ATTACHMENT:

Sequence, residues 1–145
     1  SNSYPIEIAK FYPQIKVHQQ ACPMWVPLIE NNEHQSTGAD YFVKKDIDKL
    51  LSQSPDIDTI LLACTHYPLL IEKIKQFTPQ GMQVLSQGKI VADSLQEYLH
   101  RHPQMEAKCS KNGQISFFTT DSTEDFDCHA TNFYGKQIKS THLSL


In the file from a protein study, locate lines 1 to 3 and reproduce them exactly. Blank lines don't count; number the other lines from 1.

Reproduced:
Sequence, residues 1–145
     1  SNSYPIEIAK FYPQIKVHQQ ACPMWVPLIE NNEHQSTGAD YFVKKDIDKL
    51  LSQSPDIDTI LLACTHYPLL IEKIKQFTPQ GMQVLSQGKI VADSLQEYLH